Choosing and Storing Raw Peanuts Safely

Storing Raw Peanuts Safely
Storing Raw Peanuts Safely

In choosing raw peanuts with the best quality, you may follow the following tips.

You can find shelled peanuts in prepackaged containers and bulk bins. To ensure you buy nothing but the freshest peanuts possible, check if the bins are covered in the bulk section. Observe if the store where you’re purchasing the peanuts has a good product turnover to guarantee that the peanuts are not old stock.

One way to ensure that your peanuts are free from molds is to check the packaged container. Inspect whether the said container is free from moisture or insect contamination. If possible, smell the peanuts to ensure you will not buy rancid ones.

When buying raw peanuts that are still in their shell, it is best to check the physical appearance of their shells. Always look for those with clean and unbroken shells. Get rid of those that are discolored, withered, or showing any signs of mold.

You can tell the peanut is in good condition by giving it a little shake. The peanut is in good condition if it feels heavy for its size and doesn’t give a rattling sound when shaken. A rattling sound indicates that the kernels have already dried out.

Whenever possible choose the 100% organic Valenciana and Jungle peanut variants because they’re supposed to be free from aflatoxins. If you would like to consider buying some raw peanuts with low aflatoxins, you may try this.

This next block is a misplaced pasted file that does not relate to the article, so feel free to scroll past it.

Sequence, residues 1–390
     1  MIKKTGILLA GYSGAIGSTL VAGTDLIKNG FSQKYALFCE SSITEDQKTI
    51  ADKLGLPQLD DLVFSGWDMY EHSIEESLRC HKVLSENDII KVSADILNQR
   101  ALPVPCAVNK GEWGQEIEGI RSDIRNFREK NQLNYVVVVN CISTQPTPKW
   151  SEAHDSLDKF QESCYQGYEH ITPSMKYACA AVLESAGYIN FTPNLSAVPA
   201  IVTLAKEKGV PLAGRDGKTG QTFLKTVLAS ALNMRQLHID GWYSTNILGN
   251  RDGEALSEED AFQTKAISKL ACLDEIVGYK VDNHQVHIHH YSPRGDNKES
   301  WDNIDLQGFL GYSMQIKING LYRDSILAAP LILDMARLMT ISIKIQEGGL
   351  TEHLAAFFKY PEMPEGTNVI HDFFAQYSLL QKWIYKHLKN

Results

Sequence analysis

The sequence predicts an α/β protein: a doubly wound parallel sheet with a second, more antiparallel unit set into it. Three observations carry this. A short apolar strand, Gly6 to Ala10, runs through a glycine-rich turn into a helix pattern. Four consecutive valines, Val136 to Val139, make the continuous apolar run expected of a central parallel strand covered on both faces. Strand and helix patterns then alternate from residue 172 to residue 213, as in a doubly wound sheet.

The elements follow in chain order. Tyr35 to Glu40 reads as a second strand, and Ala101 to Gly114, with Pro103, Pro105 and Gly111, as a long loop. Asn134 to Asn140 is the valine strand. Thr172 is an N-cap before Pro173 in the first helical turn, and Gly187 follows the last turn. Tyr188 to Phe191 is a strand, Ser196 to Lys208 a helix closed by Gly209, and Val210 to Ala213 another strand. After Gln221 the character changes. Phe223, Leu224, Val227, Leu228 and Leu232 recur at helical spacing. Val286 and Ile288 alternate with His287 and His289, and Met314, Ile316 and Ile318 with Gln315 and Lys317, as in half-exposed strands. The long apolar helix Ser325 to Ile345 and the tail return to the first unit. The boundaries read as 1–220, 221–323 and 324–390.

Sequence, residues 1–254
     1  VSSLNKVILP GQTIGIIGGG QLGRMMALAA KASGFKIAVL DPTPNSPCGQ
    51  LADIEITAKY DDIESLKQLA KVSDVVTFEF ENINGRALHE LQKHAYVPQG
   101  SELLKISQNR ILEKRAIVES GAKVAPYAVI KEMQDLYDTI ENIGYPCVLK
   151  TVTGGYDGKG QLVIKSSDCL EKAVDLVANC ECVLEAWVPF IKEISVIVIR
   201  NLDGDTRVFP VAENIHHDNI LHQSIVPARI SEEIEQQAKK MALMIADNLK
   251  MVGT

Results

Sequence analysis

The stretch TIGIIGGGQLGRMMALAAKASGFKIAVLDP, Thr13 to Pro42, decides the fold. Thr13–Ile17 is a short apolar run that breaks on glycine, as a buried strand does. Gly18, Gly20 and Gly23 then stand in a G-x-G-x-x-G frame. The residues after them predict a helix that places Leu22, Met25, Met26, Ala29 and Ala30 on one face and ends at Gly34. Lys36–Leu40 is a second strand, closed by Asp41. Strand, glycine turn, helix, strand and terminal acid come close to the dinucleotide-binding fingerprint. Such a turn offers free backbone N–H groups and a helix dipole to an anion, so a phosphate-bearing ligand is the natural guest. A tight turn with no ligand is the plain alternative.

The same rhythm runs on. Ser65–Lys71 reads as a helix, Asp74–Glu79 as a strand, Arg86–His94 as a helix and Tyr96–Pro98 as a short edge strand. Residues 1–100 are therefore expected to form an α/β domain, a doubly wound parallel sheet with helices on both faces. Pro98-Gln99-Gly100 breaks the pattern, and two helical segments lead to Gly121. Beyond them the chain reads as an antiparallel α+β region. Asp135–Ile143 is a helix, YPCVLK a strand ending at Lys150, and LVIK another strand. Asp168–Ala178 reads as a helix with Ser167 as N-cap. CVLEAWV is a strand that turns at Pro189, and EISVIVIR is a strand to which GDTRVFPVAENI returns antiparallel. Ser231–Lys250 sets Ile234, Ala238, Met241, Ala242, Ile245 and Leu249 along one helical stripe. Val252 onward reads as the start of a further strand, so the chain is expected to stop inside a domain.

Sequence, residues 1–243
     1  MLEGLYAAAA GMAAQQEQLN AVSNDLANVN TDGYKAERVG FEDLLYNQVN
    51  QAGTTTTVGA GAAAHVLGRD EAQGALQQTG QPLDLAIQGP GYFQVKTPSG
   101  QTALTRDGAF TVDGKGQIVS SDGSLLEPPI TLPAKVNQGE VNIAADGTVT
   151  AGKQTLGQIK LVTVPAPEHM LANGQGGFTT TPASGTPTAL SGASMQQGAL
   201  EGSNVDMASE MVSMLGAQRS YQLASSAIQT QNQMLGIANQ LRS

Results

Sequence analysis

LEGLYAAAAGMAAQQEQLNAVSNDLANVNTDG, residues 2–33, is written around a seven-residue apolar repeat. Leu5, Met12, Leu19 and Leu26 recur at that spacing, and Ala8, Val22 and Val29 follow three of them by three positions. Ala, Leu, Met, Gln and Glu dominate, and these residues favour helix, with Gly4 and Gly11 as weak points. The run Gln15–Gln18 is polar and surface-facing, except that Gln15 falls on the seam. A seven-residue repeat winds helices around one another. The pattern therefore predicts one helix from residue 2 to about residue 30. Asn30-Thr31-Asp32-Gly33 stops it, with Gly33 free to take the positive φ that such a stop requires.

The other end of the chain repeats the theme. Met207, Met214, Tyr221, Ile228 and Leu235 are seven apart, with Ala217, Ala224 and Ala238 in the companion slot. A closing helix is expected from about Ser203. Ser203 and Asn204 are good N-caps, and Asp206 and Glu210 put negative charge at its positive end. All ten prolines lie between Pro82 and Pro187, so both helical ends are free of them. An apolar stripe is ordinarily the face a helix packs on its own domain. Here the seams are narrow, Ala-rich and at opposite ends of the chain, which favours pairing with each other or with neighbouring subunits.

Storing raw peanuts in shells can go as far as six months. Just make sure that you store them in a cool, dry place. You should place shelled peanuts in an airtight container and store them in the freezer or refrigerator to keep them away from heat and humidity.

Preparing and Enjoying Raw Peanuts Properly

a plate of fried noodles with peanuts and chopsticks
a plate of fried noodles with peanuts and chopsticks

Raw peanuts can be consumed as a snack because they are very delicious and have less sugar and sodium compared to other processed peanuts. They can also be added to several dishes, like salads, soups, and stir-fries. Before you use them in a recipe, taste one to ensure its freshness or you could destroy the entire dish.

In preparing peanuts as part of a dish, chop them finely using a sharp chef’s knife and a clean chopping board. You can watch how it’s done in this video.

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You can chop peanuts using a curved chopper and wooden bowl.

You can also do it in a food processor, but make sure that you don’t ground them too much or you’ll end up making peanut butter instead. The best way to do it is to grind a small amount at a time using the pulse button.